Mercer Island Council votes to prohibit dogs on turf fields | City briefs

  • Thursday, October 26, 2017 3:42pm
  • News

Council votes to prohibit dogs on turf fields

At its Oct. 17 meeting, the Mercer Island City Council voted unanimously to adopt an ordinance prohibiting animals, with the exception of cats, to enter or remain on turf fields.

This rule is already in effect for most turf fields on the Island, which are on school property. Animals are prohibited on all public school grounds, and are not allowed on a sports field when practices, games or other organized activities are in progress.

Mercer Island Parks and Recreation is completing the Island Crest Park Sportsfield Improvement Project, which will result in a 2.3-acre synthetic turf field. This will be the first synthetic turf field that is not on school property.

Pet feces and urine on synthetic turf affects public health and safety, according to the council’s agenda bill. The plastic, sand and cork surface is not a biological system, so the waste does not readily break down.

The ordinance also creates an exception for service animals, which brings it into compliance with anti-discrimination laws.

City launches survey on communications

The city of Mercer Island has one half-time staff position dedicated to communications and engagement work. In order to make the best use of this limited resource, and serve residents better, it is conducting a brief survey online about the most effective ways it can communicate with the community.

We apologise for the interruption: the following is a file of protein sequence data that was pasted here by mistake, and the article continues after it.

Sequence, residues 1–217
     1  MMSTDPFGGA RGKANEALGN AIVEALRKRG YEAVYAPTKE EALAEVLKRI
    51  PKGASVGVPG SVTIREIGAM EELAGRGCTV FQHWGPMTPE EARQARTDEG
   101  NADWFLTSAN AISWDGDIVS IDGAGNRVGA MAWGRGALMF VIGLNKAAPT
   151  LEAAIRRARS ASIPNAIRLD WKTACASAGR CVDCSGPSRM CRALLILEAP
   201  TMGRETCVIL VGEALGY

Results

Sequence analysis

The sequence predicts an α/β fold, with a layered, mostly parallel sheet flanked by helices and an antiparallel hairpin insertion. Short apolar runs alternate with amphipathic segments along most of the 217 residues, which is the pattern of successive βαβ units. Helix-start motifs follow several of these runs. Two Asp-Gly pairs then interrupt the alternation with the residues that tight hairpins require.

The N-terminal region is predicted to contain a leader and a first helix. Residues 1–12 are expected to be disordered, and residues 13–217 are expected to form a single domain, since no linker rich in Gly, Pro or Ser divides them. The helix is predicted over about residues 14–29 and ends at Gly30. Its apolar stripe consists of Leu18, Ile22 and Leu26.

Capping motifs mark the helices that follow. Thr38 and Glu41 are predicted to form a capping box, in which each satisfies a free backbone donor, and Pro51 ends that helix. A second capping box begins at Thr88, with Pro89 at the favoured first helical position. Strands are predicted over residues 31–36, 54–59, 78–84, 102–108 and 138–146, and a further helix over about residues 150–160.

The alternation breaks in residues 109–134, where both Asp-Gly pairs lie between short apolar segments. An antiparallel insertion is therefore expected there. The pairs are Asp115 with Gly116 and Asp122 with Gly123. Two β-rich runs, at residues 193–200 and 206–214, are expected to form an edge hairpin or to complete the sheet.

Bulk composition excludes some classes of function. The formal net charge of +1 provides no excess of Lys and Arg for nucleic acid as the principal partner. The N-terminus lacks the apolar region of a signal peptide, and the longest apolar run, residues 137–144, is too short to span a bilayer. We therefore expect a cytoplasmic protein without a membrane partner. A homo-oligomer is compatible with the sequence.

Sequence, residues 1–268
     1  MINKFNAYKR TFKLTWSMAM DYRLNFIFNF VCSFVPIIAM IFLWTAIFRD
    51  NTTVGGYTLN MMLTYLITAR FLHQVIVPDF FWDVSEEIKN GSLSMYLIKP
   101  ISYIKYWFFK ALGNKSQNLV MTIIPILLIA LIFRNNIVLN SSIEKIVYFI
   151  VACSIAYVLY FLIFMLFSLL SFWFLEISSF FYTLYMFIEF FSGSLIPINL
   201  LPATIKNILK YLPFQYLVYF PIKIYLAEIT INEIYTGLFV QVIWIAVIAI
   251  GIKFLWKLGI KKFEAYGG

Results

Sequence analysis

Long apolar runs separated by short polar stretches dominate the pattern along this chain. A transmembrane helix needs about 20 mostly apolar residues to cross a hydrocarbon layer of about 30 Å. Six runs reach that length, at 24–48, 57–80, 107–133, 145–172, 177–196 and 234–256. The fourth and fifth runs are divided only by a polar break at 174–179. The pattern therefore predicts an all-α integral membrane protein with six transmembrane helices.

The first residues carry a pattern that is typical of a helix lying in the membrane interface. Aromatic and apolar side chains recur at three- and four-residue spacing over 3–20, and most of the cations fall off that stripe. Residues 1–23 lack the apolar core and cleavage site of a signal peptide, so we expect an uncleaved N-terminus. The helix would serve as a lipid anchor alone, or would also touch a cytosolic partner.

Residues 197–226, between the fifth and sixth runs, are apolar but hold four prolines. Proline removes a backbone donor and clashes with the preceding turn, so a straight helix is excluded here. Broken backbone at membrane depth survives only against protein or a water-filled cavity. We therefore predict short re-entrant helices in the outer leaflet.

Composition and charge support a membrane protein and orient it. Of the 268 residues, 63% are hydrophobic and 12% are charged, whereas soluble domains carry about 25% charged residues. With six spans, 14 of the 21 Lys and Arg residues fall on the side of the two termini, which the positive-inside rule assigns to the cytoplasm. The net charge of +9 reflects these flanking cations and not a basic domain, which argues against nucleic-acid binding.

The survey will be open through Nov. 1 at this link: www.surveymonkey.com/r/MI-Comm-Survey.

Residents tune in for Telephone Town Hall

City employees discussed Mercer Island’s financial challenges with residents during a Telephone Town Hall on Oct. 11.

The city’s vendor called over 4,500 residents with an invitation, and 265 people chose to join in at 7 p.m., with about 100 staying on for the hour-long call.

City Manager Julie Underwood said “it was a very useful exercise for all involved and we hope very informative for listeners.”

If you missed the call, you can listen to the full audio on the city’s YouTube channel.

When answering polling questions, about two-thirds of respondents felt the city provides “about the right amount of services.” Islanders are split on how to pay for them: about half would be willing to pay more taxes to maintain those services, while half would rather see services cut to balance the budget.

The city noted that the poll was not scientific, as the respondents were self-selected.

To view full polling results, see www.mercergov.org/files/TTH_Report_Web_11Oct2017.pdf.

The city plans to hold a second Telephone Town Hall in March 2018 to discuss additional financial questions.

City expands charging options for electric vehicles

Acting on a two-for-one upgrade offer from its vendor, the city recently upgraded its oldest charging unit (which is eight years old) at the Mercer Island Community and Event Center, and added a unit at City Hall.

The new equipment from ChargePoint adds capacity by allowing two vehicles to charge simultaneously from the same station, using separate cords, both capable of delivering power at 240 volts.

At this rate, a current model Nissan LEAF can be filled up (i.e. 80 miles of range) in about four hours.

The upgrade means the city now has five 240 volt stalls and one 120 volt stall at City Hall, and two 240 volt stalls at MICEC. All city charging costs $1 per hour. The Mercer Island School District has also recently expanded its charging equipment, and other private business offers charging in the Town Center.

As of June 2017, there are 373 registered battery-powered EVs on Mercer Island, up from 156 three years ago, according to the state’s Department of Licensing.

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